Several months ago, while I was reading all War and soldier books ( see those reviews here ), Sherry Scott began encouraging members of the Paris Poet Society to enter a writing contest that was being sponsored through the Bonham Creative Arts Center. I looked at the paintings of Virgina Dehn and liked them all, but found that one spoke to me in particular. It made me think of death, and soldiers, particuarly our fallen heroes. But the name of that particular piece of art -- "and their names were written on water" also made me think of the survivors, and how your memory of the dead is not what you think it would be, and how angry you feel.
I was reminded of my Grandmother being presented with a folded flag at the funeral of my Grandfather, a World War II Veteran. I was crazy about Grandad, in my big little five year old heart, and that flag made a huge impression on me, the way it was draped over his coffin. I was quite sure that Grandad was just crazy about me, too -- he always gave me attention, took us to parks -- he even took me shopping and let me pick out my very own toy! I picked this really cool clock that played music and treasured it as a memento of him. On the day he died, I remember finding mom in the closet on her knees crying, and being so sad myself because -- although I didn't really know what it meant -- I knew that I would never be able to tell him how much I loved him, even though I had thrown up the soup he made for me last time we saw him, a mere week before at my great-grandmother's funeral. Although it was only a week's difference, I don't recall her funeral at all. But Grandad's funeral made a BIG impression on me, with that unforgettable flag that they finally folded up and handed to my Grandmother.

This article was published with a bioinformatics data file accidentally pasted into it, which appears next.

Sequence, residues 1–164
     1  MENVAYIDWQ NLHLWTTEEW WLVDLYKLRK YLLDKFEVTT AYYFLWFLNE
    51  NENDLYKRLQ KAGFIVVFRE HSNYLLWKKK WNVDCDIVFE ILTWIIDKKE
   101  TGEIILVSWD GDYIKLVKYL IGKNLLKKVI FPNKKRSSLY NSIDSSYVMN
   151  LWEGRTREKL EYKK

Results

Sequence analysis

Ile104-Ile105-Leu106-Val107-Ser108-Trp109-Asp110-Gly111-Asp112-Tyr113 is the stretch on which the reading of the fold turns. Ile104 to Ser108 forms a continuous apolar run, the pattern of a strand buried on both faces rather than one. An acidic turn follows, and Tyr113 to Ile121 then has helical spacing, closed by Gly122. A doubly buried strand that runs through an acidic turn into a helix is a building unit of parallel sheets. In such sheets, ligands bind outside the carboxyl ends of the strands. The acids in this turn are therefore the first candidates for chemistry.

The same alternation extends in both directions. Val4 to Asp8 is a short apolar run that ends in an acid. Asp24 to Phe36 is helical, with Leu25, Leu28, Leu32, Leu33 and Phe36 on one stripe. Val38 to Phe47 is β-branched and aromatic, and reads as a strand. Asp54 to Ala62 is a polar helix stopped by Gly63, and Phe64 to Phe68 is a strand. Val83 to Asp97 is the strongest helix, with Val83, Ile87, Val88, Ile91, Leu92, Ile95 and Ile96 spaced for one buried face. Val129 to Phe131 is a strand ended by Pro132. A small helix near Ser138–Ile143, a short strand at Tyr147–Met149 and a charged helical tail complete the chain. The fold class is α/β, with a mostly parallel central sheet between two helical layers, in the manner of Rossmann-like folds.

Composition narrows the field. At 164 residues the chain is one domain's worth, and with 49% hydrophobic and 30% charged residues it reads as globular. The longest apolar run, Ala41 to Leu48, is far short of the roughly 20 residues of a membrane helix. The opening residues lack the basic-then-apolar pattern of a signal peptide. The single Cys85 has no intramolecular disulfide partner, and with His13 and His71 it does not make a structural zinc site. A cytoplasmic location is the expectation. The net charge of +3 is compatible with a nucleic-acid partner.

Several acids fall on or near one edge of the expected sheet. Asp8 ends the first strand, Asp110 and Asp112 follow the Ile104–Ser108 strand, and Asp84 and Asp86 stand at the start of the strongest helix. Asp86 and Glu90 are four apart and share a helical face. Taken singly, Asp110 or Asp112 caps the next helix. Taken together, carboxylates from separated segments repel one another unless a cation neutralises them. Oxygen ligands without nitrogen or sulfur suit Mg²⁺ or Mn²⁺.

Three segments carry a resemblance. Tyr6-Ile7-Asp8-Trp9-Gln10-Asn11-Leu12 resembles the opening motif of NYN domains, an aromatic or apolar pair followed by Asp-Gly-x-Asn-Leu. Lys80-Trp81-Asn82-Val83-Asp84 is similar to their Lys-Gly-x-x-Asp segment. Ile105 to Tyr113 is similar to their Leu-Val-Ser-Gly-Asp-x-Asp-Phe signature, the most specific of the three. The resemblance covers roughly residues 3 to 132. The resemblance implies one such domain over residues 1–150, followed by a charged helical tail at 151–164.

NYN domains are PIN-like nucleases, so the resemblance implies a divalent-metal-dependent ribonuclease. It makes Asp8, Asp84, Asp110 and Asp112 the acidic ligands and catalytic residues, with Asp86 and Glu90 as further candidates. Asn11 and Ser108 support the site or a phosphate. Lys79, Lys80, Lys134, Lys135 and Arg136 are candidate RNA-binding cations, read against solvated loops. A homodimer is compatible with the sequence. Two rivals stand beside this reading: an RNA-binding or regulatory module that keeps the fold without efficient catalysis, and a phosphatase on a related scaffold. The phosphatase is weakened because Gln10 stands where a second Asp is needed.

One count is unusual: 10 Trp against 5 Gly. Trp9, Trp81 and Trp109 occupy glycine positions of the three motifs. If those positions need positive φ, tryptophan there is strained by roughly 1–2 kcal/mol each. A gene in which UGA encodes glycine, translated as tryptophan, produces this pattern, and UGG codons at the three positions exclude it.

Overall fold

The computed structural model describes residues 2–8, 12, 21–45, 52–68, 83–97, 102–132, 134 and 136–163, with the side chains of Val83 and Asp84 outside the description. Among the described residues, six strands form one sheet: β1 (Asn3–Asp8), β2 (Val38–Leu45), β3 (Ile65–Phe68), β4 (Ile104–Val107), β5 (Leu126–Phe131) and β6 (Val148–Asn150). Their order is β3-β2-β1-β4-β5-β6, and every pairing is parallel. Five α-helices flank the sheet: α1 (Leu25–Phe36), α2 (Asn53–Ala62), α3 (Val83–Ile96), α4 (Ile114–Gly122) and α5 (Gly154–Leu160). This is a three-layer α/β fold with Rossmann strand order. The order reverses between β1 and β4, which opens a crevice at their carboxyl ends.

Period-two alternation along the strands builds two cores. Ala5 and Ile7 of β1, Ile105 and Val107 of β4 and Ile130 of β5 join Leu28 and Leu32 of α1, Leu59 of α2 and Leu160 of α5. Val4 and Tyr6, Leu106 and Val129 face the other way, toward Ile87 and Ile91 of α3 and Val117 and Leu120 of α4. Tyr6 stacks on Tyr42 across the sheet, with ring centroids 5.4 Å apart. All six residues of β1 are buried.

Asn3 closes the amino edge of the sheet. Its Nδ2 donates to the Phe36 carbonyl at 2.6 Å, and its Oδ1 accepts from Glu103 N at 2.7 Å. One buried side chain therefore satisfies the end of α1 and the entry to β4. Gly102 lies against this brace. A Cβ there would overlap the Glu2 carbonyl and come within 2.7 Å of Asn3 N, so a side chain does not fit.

Flash forward to the first soldier from Paris, Texas in recent years who gave his life in battle. I don't know what his widow felt, but I saw some pictures and can only imagine. I do know that this lovely town that I lived in showed up by the thousands -- thousands -- when they flew him home. We lined the streets from airport to funeral home, waving our flags. This was our authentic response to his sacrifice, even while all around the country other sentiments were being expressed. I will never forget it. (Here is a link to another very PATRIOTIC story about our town).
What would a man like that be like? What would he say to his wife? And how would she feel about it, and about that flag they gave her?
Those are the themes I explored in my writing. Patriotism, love, the ultimate sacrifice, memory, honor, authentic anger. I wrote it, submitted it, and -- frankly -- forgot about it.
I forgot about it until I got a notification that they had selected me as one of the writers who would be published in the small press publication of the art of Virginia Dehn. This month -- April 12, the Creative Art's Center will open it's exhibition of The Ascent, the art of Virginia Dehn, as well as hold the publication party for the release of "Inner Landscapes: Writers Respond to the Art of Virgina Dehn." I'm honestly a bit sad that I can't be there, as that is opening night of "The Vagina Monologues" -- even though I am thrilled to be a part of that. I will find a time to go to the exhibit, and I hope you will too.
I also hope that you will read the anthology, as I love the other poetic and prose responses in the little book. I can honestly say that I am truly honored to be a part of it. The book is filled with authentic responses to Dehn's art by persons from all over the country, with varied backgrounds and ages. They are all quite profound. If you read the book, you will wonder at the creativity and truthfulness of human beings. You will be touched and inspired.